For Performers

FOR PERFORMERS

Katrina takes in air with minimal effort, which makes long passages easier and improves her tone

One of the best and most well-known applications for the Alexander Technique is for playing music, singing, acting and public speaking.

Your body, mind, emotions and quality of physical effort help you connect and be present with your audience, your art, and with yourself, whenever you perform. When you learn to use only as much effort as necessary, to breathe and move without excess tension or contortion, the enjoyment you experience when performing is not only possible, but inevitable.

Performers know the importance of using themselves well. Their breathing, coordination and body ease improve noticeably . You sense more ease during the first lesson.

Using yourself well also helps you avoid and alleviate pain, so you
prevent problems before they begin.

Performers use the Alexander Technique most often for two reasons:

 

Eliminate pain

  • tendonitis
  • shoulder strain
  • neck and back pain
  • fatigue

 

Optimize performance

  • improve sound and vocal quality
  • play with greater ease
  • improve sensory awareness
  • improved balance and coordination
  • enhanced stage presence
  • reduce/eliminate stage fright
  • develop an inner sense of calm
  • more enjoyment while performing

 

Some renowned actors and musicians who have studied the Alexander Technique include:

Julie Andrews
William Hurt
Jeremy Irons
James Earl Jones
Paul McCartney
Kelly McGillis
Hilary Swank
Annette Bening

Patti Lupone
Paul Newman
Sting
Maggie Smith
Mary Steenburgen
Robin Williams
Joanne Woodward
members of the New York Philharmonic

 

The Alexander Technique is taught in conservatory and university programs around the world, including:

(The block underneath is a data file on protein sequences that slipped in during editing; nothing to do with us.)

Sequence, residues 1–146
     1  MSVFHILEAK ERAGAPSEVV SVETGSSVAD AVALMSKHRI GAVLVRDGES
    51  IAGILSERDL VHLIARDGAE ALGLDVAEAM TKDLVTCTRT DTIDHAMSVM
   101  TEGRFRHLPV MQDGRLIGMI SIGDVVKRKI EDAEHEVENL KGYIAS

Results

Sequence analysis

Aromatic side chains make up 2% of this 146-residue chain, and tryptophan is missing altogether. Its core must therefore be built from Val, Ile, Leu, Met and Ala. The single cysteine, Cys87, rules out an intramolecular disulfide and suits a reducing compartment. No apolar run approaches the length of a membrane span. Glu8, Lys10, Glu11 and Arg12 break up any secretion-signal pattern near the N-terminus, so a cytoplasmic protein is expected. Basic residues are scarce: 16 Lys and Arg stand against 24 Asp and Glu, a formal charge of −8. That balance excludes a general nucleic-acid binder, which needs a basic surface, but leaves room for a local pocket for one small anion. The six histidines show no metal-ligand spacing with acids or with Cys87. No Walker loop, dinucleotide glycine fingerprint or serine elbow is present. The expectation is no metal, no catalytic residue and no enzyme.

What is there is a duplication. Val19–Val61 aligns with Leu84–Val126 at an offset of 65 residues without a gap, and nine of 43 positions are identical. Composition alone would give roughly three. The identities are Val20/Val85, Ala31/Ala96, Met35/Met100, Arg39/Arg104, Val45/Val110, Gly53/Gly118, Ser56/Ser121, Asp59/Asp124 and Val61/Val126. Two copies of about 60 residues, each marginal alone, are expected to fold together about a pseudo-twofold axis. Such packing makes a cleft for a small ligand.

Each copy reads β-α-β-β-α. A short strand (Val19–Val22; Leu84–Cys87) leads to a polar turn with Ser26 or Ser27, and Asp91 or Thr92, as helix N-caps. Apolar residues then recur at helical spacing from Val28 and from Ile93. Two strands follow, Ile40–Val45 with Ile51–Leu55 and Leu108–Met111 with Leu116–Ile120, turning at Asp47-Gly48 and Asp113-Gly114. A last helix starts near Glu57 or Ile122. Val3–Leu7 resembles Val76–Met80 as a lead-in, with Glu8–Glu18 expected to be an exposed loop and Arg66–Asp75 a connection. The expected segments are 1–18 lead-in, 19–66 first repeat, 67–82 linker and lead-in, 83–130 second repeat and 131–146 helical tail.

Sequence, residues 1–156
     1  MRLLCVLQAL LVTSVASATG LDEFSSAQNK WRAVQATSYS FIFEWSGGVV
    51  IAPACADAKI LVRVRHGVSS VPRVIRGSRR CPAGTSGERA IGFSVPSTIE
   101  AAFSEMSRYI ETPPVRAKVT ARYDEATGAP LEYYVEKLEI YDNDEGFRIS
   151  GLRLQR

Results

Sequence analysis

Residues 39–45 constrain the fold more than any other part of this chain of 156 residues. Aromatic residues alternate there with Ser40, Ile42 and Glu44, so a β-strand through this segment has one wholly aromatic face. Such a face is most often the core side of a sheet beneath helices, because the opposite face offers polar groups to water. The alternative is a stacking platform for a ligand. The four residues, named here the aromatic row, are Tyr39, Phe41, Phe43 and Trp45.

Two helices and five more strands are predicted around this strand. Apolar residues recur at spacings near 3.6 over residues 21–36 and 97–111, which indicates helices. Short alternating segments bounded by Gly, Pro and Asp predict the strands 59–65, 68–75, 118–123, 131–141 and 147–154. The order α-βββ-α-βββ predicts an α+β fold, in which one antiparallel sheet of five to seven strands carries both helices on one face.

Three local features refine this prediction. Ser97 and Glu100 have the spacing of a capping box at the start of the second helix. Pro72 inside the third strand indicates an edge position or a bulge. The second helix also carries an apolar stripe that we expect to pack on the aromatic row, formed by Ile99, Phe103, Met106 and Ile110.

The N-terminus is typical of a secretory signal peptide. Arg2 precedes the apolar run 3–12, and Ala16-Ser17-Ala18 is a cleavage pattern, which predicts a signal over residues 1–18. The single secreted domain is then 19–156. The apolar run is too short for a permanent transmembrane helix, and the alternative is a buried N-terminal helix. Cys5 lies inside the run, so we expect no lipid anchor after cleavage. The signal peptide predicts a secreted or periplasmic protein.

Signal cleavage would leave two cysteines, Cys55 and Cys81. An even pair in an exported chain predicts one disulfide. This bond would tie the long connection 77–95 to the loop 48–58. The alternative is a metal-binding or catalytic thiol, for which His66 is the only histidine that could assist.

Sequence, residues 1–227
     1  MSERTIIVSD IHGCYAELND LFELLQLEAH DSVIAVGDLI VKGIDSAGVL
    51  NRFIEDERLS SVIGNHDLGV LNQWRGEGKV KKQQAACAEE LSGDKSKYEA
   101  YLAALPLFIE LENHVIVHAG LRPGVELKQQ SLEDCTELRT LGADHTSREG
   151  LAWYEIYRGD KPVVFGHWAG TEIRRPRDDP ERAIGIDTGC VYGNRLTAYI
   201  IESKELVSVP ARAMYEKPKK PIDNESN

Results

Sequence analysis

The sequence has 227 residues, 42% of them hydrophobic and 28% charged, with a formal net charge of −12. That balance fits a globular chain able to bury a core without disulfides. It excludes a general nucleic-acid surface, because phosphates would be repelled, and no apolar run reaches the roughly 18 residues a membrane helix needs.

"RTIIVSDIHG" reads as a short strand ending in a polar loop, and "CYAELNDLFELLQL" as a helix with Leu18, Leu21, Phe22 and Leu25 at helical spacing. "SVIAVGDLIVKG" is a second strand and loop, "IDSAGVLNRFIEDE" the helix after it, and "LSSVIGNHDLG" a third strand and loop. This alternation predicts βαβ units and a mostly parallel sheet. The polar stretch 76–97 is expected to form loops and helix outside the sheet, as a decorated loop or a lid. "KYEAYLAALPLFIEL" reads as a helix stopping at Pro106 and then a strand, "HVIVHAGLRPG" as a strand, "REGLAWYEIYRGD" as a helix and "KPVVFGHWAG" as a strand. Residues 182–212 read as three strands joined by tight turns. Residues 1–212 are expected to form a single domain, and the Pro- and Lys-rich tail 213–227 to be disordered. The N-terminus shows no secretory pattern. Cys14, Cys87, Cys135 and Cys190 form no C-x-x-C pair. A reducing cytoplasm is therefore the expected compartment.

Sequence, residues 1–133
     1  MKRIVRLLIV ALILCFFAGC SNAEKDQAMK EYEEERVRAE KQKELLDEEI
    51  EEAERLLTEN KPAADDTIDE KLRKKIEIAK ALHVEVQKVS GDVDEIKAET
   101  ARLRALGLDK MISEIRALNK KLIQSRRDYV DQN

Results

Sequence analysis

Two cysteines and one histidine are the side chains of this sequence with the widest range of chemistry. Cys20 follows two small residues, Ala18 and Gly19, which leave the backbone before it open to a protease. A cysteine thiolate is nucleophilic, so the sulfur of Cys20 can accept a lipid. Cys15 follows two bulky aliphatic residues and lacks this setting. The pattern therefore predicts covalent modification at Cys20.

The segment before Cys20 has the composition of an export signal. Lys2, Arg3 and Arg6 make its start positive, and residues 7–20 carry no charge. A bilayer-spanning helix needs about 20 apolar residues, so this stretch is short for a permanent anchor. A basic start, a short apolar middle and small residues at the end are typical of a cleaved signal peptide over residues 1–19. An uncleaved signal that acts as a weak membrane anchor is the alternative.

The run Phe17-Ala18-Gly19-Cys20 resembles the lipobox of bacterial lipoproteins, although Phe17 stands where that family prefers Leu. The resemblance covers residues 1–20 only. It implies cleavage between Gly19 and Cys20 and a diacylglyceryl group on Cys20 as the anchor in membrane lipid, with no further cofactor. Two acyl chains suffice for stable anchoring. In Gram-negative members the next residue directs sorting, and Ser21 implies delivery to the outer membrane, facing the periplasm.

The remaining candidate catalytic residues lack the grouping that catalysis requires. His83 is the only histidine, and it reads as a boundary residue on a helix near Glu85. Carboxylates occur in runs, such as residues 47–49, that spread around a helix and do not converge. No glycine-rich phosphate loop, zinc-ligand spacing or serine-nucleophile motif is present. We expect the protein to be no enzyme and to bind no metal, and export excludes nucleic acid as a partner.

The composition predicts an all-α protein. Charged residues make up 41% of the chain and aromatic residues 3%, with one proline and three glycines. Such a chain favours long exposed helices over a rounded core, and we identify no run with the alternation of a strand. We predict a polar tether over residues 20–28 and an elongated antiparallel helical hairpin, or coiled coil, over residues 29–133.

The Juilliard School
Ohio State University
University of Illinois at Urbana-Champaign
New England Conservatory of Music
Guildhall School of Music and Drama
Royal Academy of Dramatic Arts
American Dance Festival
Yale School of Drama
Francisco’s American Conservatory Theater
UCLA School of Theater, Film and Television

Performers all over the world have accomplished these goals by learning how to change their habits so that they use their bodies more easily and efficiently, and stop the wear and tear on tear on their bodies through “mis-use.” This often makes the difference between early retirement and a long career. The icing on the cake is that these numerous benefits spill over into every aspect of your life, so that you stop the wear and tear no matter what you do.

 

“Forty years ago, after one of my concerts, Adrian Boult told me that if I continued to conduct like that I’d become a cripple, and that I must take lessons in the Alexander Technique. Today I am still having lessons – as with music, there is no end to the learning process. It affects not only the use of the body, but also one’s views of oneself and one’s behavior. For the aches and ills that come with the years, the Technique can work miracles.”
– Sir Colin Davis, Conductor

 

 

Before Kevin prepares to grip the club, he stands upright, keeping his back relaxed and long.
Kevin takes a moment to ensure he’ll use only the effort he needs.
Kevin keeps the length along his torso and throughout his legs, so his effort is easy and his swing is controlled and free.